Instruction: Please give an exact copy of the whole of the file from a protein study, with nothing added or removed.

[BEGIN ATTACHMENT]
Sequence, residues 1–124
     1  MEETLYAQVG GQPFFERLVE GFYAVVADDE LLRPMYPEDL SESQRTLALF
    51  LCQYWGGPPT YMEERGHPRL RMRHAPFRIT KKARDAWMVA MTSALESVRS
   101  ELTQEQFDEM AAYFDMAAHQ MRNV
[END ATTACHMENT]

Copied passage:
Sequence, residues 1–124
     1  MEETLYAQVG GQPFFERLVE GFYAVVADDE LLRPMYPEDL SESQRTLALF
    51  LCQYWGGPPT YMEERGHPRL RMRHAPFRIT KKARDAWMVA MTSALESVRS
   101  ELTQEQFDEM AAYFDMAAHQ MRNV